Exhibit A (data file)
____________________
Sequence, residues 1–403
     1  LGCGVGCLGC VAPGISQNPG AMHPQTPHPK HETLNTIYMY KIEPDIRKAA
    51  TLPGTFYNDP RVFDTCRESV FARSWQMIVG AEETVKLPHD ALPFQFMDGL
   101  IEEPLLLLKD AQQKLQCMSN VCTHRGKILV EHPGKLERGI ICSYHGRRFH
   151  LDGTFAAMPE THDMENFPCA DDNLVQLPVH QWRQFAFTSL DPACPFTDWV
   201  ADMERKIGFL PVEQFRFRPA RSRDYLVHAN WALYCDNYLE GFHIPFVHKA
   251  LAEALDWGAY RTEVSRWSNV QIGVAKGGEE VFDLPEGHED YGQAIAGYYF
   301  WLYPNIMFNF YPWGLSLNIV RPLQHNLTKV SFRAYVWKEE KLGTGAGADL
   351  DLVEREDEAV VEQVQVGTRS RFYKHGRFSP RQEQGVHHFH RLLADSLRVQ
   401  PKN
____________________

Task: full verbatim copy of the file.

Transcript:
Sequence, residues 1–403
     1  LGCGVGCLGC VAPGISQNPG AMHPQTPHPK HETLNTIYMY KIEPDIRKAA
    51  TLPGTFYNDP RVFDTCRESV FARSWQMIVG AEETVKLPHD ALPFQFMDGL
   101  IEEPLLLLKD AQQKLQCMSN VCTHRGKILV EHPGKLERGI ICSYHGRRFH
   151  LDGTFAAMPE THDMENFPCA DDNLVQLPVH QWRQFAFTSL DPACPFTDWV
   201  ADMERKIGFL PVEQFRFRPA RSRDYLVHAN WALYCDNYLE GFHIPFVHKA
   251  LAEALDWGAY RTEVSRWSNV QIGVAKGGEE VFDLPEGHED YGQAIAGYYF
   301  WLYPNIMFNF YPWGLSLNIV RPLQHNLTKV SFRAYVWKEE KLGTGAGADL
   351  DLVEREDEAV VEQVQVGTRS RFYKHGRFSP RQEQGVHHFH RLLADSLRVQ
   401  PKN